I've come across phrases like "What price freedom?" a lot. I speak British English and it doesn't read nicely to me. It seems some words are missing. Does it mean "What is the price of X?"? Where did this phrase originate from and why is it used in this way?
The New Oxford American Dictionary says:
Unfortunately, it doesn't give an origin for this specific expression.
Various dictionaries have different things to say.
(New Oxford American Dictionary 2nd edition, from OS X)
Apart from Collins's strange definition, it seems that the general meaning of "what price X?" is "what's the value of X?" (not "what's the price of X", in the modern sense of price).
As for how it came to be, my wild speculation of the day is that it could have been used grammatically in an anaphoric expression, eg What price is freedom to us if we tolerate this tyranny? What price justice? etc.
it's a misattribution to Thomas Jefferson but the earliest quote that probably has that comment is from Philpot Curran in his speech on Right of Election in 1790 (published in a book titled "Speeches on the late very interesting State trials" in 1808)".:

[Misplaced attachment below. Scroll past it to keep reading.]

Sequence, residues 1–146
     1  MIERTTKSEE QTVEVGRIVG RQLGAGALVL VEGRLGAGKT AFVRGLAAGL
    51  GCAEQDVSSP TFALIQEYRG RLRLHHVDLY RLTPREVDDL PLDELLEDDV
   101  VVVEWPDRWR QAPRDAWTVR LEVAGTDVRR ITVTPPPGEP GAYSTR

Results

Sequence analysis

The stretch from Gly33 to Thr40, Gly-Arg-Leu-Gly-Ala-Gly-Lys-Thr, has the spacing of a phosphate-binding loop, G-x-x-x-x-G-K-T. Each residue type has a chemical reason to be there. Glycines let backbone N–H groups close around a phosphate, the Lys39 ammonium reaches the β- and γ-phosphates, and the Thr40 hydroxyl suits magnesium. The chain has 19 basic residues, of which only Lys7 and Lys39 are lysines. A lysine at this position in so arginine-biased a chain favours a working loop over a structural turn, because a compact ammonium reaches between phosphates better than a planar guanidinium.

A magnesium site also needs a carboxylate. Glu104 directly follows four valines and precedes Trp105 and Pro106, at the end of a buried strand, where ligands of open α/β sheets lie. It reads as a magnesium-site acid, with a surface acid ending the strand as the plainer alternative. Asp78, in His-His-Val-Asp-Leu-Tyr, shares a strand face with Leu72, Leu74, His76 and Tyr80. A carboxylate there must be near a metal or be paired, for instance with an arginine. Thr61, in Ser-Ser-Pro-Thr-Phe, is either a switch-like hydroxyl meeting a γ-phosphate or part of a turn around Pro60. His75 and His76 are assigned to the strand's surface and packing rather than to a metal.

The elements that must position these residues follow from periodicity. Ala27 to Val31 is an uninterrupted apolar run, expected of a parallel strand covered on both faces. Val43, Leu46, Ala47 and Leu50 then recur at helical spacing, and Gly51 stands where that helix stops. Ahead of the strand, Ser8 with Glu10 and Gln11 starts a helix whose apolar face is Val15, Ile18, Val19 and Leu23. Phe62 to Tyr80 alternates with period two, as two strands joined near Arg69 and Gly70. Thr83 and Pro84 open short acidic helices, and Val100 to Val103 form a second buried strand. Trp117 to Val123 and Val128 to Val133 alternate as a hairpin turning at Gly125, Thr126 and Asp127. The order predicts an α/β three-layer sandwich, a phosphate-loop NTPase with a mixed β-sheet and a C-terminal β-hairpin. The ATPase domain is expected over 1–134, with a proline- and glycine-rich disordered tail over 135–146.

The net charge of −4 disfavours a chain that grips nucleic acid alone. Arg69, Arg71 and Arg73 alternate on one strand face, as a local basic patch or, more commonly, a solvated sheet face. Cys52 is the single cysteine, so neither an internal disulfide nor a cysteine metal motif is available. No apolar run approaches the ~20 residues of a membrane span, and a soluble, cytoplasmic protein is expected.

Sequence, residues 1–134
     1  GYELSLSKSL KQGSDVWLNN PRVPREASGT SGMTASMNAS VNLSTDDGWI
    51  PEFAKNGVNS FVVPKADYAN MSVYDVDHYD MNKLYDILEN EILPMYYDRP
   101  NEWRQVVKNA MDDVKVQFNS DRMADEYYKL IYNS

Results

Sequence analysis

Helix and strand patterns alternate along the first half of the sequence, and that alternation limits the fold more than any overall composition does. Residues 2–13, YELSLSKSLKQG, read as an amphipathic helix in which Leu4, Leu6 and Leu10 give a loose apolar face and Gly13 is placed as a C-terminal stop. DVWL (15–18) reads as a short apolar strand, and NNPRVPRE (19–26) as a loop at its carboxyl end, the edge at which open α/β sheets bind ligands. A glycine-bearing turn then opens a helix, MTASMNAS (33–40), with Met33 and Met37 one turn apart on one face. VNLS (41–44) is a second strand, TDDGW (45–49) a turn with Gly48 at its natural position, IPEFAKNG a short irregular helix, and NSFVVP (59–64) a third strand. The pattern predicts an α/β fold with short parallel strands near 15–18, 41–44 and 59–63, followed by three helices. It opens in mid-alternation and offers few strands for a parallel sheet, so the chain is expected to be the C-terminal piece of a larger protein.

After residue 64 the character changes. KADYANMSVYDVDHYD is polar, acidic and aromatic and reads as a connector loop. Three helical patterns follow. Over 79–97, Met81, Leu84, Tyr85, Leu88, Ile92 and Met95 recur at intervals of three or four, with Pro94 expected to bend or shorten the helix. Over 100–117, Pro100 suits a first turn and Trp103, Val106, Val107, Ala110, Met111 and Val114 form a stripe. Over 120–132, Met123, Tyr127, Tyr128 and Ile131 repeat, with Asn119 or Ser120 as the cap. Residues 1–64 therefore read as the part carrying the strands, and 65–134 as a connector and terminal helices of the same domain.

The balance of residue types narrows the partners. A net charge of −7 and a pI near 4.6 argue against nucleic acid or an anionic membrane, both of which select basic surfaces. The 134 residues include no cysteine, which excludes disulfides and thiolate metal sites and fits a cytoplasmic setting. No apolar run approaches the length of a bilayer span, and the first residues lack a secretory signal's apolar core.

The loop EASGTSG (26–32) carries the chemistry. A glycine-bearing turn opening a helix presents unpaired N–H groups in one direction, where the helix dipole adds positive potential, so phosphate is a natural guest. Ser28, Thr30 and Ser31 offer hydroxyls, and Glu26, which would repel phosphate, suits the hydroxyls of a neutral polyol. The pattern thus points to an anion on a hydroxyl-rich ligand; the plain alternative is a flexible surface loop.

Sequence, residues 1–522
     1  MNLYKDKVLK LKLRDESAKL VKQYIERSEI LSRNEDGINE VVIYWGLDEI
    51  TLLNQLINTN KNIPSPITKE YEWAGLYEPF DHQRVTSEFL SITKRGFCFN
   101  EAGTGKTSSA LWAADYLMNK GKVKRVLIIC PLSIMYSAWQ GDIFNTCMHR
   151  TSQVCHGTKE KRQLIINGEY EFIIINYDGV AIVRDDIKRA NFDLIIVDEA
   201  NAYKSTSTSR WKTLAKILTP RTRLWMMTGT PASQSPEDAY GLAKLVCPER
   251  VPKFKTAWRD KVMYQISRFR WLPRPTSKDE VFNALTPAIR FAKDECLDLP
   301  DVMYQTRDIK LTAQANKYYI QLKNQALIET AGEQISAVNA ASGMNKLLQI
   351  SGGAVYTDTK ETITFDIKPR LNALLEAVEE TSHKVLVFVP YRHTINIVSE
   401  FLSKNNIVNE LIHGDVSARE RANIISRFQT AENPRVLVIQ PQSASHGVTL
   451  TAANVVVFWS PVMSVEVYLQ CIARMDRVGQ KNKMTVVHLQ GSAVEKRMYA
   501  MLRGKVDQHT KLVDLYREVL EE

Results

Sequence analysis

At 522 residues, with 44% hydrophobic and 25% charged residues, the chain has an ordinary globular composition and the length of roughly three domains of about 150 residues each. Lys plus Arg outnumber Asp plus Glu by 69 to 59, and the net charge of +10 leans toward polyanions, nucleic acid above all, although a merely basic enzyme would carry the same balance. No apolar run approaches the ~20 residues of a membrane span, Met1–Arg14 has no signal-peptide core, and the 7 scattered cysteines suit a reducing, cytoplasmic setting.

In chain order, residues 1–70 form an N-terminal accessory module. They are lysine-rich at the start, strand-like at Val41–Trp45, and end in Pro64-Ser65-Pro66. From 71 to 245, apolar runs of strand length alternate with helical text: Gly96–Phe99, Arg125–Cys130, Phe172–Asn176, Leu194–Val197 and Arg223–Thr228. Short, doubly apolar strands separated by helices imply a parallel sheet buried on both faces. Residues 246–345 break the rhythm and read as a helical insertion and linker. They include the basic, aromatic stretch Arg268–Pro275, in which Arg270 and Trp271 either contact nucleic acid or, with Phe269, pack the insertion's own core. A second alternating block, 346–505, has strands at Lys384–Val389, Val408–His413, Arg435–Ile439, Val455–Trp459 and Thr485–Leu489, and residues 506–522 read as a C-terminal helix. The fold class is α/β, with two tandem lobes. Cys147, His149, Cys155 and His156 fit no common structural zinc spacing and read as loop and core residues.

The sense is that "the price of freedom is eternal vigilance".
It could also be a reference to a quote by Friedrich Nietzsche
One possibility is that the phrase gained traction as being a very concise, and yet grammatically valid sentence. Consider the following exchange:
The phrase "What strength medicine?" is grammatically valid, and is being used to enquire about how strong the medicine. In the same way, one could technically see the phrase "What price freedom?" as a grammatically valid sentence.
That said, in this form, the noun (medicine/freedom) being referred to should already have been mentioned. There should also be more than one instance of it, such that it can have different strengths/prices/etc. As 'freedom' is generally considered an abstract concept and there aren't multiple 'freedoms', and given that this construction is frequently used as an article heading or something, it looks much more like it's being used as a lazy way to say "What is the price of freedom?"
Why this has taken root I have no idea, and would be interested in knowing who started it. It always grates on me and I don't see why people seem to find it natural to elide various words in this instance in order to shorten the sentence at the expense of valid grammar.
protected by RegDwigнt♦ Dec 11 '11 at 3:22
Thank you for your interest in this question.
Because it has attracted low-quality answers, posting an answer now requires 10 reputation on this site.
Would you like to answer one of these unanswered questions instead?